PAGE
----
Well in that case my friend on Pulsar 180 has been through worst of terrains, and still without a bend, no his alloys were not "shattered". Even mine, and I had an accident @ 100 KPH and the forks on my bike were bent to an extent that front mudguard was touching the silencer, the disc plate was bent, still the alloy didnt bend, it was a little out of shape accorss the circumference!
Besides have you seen Karizma alloys, they come with Bar Weights even from the factory... are they telling me that the "supposedly" better quality alloys need to be balanced before putting on the bike.

Dude the high cost you pay for Karizma alloys is due to the fact that their margins are now lower on bikes.... they make a huge amount of money by selling spares at exhorbitant prices. Besides they also have to support half of the Indian cricket team, pay royality to Honda, sponser numerous number of fashion and filmi events spread all throught the year, some cricket series and oh how can I forget big bolloywood stars like Hritik for the "new" Karizma Advt.
It has to come from somewhere and a large part of it is from your own pocket... did i hear better quality?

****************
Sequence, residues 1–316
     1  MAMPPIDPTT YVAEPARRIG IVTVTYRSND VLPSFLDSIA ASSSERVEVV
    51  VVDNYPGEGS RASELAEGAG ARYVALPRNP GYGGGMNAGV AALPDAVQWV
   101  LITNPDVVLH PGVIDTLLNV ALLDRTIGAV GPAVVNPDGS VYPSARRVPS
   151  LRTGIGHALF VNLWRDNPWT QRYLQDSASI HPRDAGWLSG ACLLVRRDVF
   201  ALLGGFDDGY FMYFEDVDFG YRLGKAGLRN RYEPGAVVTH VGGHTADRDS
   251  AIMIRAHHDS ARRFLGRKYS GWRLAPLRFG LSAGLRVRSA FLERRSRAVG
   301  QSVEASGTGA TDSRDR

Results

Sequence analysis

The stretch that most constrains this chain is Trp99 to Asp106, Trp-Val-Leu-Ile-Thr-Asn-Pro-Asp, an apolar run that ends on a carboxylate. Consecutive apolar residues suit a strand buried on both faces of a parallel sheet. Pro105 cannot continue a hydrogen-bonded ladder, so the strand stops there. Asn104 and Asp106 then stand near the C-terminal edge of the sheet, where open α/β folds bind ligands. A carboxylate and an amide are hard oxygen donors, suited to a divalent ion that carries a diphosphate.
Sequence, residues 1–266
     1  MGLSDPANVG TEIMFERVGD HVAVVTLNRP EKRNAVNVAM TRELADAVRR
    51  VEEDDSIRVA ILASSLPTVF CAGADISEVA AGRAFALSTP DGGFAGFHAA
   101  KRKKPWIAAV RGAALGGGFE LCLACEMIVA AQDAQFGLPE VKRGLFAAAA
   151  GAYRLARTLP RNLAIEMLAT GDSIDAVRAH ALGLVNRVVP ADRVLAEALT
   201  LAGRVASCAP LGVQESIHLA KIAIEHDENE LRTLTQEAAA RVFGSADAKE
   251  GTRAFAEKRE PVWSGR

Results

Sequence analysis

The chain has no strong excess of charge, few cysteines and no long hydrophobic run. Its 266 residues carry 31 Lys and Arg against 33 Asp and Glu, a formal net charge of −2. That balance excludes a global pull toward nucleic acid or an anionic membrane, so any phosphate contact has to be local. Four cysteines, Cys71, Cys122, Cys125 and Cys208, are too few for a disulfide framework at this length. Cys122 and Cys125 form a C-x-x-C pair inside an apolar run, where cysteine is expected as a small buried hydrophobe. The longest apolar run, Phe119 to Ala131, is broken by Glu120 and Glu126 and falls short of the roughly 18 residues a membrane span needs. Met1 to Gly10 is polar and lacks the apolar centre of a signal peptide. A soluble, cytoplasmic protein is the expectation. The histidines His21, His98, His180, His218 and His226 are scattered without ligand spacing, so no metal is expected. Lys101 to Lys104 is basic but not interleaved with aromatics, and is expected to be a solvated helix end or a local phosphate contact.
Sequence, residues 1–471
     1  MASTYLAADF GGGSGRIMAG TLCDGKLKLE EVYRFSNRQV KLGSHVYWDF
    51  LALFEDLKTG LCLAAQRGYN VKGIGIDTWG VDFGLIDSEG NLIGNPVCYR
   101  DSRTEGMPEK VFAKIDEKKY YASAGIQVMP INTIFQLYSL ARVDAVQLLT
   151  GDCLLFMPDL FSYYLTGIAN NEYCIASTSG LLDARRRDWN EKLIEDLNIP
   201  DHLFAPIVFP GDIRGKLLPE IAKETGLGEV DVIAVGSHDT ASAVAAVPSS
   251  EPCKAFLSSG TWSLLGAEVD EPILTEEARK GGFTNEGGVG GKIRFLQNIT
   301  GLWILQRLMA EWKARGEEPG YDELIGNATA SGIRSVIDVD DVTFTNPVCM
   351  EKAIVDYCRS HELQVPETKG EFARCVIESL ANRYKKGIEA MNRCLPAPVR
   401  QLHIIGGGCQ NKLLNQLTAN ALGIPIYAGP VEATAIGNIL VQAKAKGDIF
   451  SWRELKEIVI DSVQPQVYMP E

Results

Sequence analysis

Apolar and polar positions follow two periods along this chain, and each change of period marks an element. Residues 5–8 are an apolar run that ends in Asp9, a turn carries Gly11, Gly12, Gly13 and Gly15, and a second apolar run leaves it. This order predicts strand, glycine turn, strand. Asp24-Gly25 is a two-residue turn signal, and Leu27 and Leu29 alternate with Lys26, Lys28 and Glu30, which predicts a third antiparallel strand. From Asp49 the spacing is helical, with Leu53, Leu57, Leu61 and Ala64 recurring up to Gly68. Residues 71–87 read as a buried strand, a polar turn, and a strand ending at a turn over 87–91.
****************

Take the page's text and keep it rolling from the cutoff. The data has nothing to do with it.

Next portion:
Last edited by extreme_torque : 27th April 2007 at 18:13.
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Old 27th April 2007, 18:06   #27
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Quote:
Besides have you seen Karizma alloys, they come with Bar Weights even from the factory... are they telling me that the "supposedly" better quality alloys need to be balanced before putting on the bike.
My car came with Bar weights on the alloys from the factory. The balance weights are not due to the rim but due to construction of the tyre. Its good that they come balanced from the factory itself.
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Old 27th April 2007, 18:25   #28